C-Major No.1

Here is a video of how I think No. 1 should be executed.
Notice the following:

  1. I use a metronome
  2. I distribute the bow evenly over 8 beats for the scale and 6 for the arpeggios.
  3. Shifting is executed slowly and with even speed between the two positions (more on this later)
  4. bow changes are slow
  5. contact point of the bow and the string does not change and the sound is concentrated and even.

For each number of the Flesch book, I will focus on a different element. First, I would like to talk about bow division. In the scale, we want to divide the bow evenly for each note. The metronome helps us achieve this, so does playing in front of a mirror.

If we want to play with even bow speed across the bow, we must learn to start the bow with the correct bow speed, weight and contact point (the position of the bow on the string between the bridge and the fingerboard). It's important to be aware of how we intend to use the bow before we start playing as opposed to constantly adjusting during the scale. The sound should be concentrated, even and resonant. The contact point should be as close to the bridge as possible, and the bow parallel to the bridge.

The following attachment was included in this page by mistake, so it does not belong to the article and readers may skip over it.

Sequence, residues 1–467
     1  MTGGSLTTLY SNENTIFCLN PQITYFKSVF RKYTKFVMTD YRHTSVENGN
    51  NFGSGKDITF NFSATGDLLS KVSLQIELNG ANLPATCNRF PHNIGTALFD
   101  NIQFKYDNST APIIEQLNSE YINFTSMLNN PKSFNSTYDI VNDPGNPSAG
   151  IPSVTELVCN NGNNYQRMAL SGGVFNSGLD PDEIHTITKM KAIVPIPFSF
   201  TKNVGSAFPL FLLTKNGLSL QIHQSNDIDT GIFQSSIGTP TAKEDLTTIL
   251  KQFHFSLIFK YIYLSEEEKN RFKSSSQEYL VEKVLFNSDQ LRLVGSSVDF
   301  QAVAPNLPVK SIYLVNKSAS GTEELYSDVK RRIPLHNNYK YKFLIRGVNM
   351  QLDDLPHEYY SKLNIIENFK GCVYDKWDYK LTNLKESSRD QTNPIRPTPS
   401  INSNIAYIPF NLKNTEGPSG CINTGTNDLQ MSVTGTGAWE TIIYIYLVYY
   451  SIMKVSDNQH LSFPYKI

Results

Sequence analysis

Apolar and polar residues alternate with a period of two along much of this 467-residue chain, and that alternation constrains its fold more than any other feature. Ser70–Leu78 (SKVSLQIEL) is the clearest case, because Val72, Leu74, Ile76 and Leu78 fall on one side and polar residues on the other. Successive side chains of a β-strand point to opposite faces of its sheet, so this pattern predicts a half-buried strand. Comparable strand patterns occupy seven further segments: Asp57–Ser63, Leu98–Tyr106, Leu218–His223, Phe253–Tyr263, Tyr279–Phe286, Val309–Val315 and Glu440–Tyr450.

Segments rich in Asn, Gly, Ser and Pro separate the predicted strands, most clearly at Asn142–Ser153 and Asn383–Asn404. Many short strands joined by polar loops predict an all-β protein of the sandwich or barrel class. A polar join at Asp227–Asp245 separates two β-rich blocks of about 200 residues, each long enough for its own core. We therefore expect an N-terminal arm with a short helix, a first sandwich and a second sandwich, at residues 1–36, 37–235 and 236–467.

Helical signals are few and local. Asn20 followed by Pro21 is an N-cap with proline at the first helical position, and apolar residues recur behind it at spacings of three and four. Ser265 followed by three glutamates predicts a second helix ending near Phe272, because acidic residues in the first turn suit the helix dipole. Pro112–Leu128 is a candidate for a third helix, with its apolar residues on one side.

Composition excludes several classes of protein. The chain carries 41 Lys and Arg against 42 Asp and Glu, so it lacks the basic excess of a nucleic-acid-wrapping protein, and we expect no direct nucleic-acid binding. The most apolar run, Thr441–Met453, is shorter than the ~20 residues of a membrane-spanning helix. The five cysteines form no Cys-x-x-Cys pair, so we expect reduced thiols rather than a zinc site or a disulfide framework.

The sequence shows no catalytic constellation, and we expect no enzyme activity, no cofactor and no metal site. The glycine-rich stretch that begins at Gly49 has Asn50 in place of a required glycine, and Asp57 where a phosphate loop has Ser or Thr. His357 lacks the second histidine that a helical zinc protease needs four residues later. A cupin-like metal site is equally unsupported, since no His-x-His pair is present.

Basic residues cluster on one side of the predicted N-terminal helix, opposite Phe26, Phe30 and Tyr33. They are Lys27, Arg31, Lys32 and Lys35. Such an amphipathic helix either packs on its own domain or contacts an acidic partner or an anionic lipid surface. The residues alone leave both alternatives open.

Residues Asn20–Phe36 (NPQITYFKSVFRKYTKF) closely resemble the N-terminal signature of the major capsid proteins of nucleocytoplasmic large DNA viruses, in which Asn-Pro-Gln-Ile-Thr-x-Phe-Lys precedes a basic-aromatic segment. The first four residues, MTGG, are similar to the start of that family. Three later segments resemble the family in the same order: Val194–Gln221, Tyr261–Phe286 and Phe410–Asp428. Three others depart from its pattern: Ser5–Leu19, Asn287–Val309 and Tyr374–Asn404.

When I practice scales, I'm in a "zone". In a way it's like meditating or doing Yoga. Whereas yoga addresses the mind-body connection, I like to think of scales as the mind-instrument connection. I try to find a calm, quiet space in my head, and use scales as a mental exercise for focus, concentration and awareness. Try to create a connection between your mind - through your arms - to the bow and the string. This starts to incorporate the instrument as an extension of your body.

Most important, never practice when you're not concentrated and aware. It's better to do 5 minutes focused, than 60 absentmindedly. Train yourself to extend your concentration. If you can do 5 minutes the first week, and 6 the second week, you'll be able to do 30 minutes in no time. And you'll get more out of your practice time. The trick is to recognize the moment when your concentration has gone and bring it back.

I welcome your comments and questions.

Ori Kam